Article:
-8 month(ish) old forage roosters are almost equal to dual-purpose breed weights.
 

AccidentalFarm

Crowing
13 Years
Mar 29, 2007
1,310
682
314
Texas
not exactly...what I meant was getting all the forage only flock to lay consistently in the provided coop. Otherwise, you are kinda foraging for wild eggs yourself even though you have a fairly good idea of where you might find these eggs. I think you did mention that some of the nests you found and took eggs from, the hens just moved to a new nest sight as a result.

I think part of the concept of domesticated animals is that they are harvested in a planned and controlled manner...whether that means daily milking in a planned/designated area, centralized egg collection, controlled breeding, planned slaughter, etc to make the process reliable and consistent to improve efficiency. It's easier and more reliable to breed and slaughter meat than to go hunt it. Easier to collect eggs from a coop than to climb trees and raid bird nests everyday.

I know you are not personally interested in the eggs but that is the interest of probably the other 99% here. I mean they are just cool to look at in themselves but most will expect some return on their investment as well.
For now it seems the hens are content to return to 4 areas to lay, one of which being their coop and the other 3 on the front and side deck of my house. They are not abandoning these nest sights even when I take all of the eggs (as they do with the nests in the woods).

I'm going to set up 4 nest boxes in the same general area of the current sights they use and see if I can coax them into using those instead. I haven't been finding any nests in the wooded areas lately. Hopefully I will be able to train them to a centralized egg collection situation like you are talking about.
 

AccidentalFarm

Crowing
13 Years
Mar 29, 2007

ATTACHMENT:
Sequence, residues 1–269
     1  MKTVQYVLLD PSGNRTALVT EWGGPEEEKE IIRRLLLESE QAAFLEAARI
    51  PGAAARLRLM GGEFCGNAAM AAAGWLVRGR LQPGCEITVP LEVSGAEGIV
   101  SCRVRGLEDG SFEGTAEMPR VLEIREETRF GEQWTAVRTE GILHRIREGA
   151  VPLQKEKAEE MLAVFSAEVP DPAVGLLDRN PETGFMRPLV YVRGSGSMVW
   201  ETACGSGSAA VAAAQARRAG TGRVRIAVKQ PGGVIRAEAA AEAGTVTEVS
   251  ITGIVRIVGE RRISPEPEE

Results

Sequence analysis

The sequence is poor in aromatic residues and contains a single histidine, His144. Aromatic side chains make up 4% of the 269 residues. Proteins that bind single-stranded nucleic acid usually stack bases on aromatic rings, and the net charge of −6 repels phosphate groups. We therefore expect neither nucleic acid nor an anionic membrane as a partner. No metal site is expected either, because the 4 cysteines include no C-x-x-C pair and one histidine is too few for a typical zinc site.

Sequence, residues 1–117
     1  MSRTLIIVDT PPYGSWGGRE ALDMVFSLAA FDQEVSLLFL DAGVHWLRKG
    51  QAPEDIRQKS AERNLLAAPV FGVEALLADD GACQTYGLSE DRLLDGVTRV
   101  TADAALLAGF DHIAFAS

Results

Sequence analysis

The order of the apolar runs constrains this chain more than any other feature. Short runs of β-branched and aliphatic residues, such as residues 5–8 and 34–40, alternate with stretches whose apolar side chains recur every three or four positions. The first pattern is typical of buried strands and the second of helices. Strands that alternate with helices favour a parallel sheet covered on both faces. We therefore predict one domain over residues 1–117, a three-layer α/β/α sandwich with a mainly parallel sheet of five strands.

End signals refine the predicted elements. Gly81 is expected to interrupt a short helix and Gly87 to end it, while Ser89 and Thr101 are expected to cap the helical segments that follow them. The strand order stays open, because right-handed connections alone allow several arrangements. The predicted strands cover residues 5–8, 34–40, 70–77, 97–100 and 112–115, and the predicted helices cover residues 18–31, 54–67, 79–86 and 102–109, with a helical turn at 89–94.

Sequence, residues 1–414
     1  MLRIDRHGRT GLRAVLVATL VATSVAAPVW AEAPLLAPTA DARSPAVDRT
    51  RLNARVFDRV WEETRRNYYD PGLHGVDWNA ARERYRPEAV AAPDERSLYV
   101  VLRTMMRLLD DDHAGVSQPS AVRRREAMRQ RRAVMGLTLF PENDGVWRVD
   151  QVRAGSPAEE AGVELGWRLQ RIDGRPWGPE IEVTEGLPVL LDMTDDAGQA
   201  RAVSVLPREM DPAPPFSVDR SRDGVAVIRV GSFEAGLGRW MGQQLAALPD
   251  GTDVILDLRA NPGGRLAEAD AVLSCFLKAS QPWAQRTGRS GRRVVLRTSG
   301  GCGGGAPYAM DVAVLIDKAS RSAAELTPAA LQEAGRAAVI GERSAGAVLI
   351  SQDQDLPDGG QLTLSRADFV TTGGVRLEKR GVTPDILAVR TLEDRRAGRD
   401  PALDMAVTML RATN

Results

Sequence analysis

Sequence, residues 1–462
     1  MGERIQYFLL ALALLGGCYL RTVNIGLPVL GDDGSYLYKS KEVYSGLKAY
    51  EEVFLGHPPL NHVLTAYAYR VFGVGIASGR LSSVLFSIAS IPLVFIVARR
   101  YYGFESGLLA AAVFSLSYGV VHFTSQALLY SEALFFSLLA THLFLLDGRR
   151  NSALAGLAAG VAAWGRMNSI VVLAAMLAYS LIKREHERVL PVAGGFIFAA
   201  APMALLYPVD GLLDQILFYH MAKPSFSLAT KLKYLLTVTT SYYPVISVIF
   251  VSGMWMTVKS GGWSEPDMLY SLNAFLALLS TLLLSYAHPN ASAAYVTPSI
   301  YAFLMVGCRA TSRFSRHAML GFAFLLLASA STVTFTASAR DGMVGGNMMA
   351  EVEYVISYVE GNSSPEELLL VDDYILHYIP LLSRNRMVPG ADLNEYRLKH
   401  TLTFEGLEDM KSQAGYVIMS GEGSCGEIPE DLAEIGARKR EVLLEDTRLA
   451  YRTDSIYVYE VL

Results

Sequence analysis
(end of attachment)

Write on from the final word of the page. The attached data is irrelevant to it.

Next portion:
1,310
682
314
Texas
I'm trying to replicate this on a smaller scale (1/4 acre) where our chickens still lay in their nesting boxes, but get as much free range plant material as possible, so far I have Mexican Sunflower, Banana Leaves, Moringa, Cranberry Hibiscus, Bananas, working on Tree Kale and Tree Collards and many other species here in Florida. Rooster Hens and Organic Gardening
I am very interested in tree kale and tree collards. I'd love to hear how it goes with those.
 

Pencilled Palm

Songster
Oct 23, 2020
666
1,250
206
North central, WA
It might be, maybe plant some kind of winter cover crop would work. Although it might not if it’s buried in snow😂
It would be fine some years and only for a while other years. But when it gets like the pic below, even the deer head south where there is less snow! (And they don't have to paw thru a foot or more of snow to get to the winter wheat. (OR they stand around all day eating on the hay stacks.)
snow 2017.jpg
 

Pencilled Palm

Songster
Oct 23, 2020
666
1,250
206
North central, WA
-chickens don't like to walk in snow,
-chickens don't like to forage in snow or heavy rain,
I wonder if that is because they aren't what are considered "cold/winter hardy breeds" (That and snow isn't exactly common there. Though even if it were, this is their first winter.) I've been talking to a breeder in my area and she said her Russian Orloffs LOVE the snow. (while the other breeds don't want to step in it. LOL) She has had Orloffs for at least 15 years, and they get snow every year.
 

AccidentalFarm

Crowing
13 Years
Mar 29, 2007
1,310
682
314
Texas
It would be fine some years and only for a while other years. But when it gets like the pic below, even the deer head south where there is less snow! (And they don't have to paw thru a foot or more of snow to get to the winter wheat. (OR they stand around all day eating on the hay stacks.) View attachment 2498859
YIKES! That's a lotta snow!!!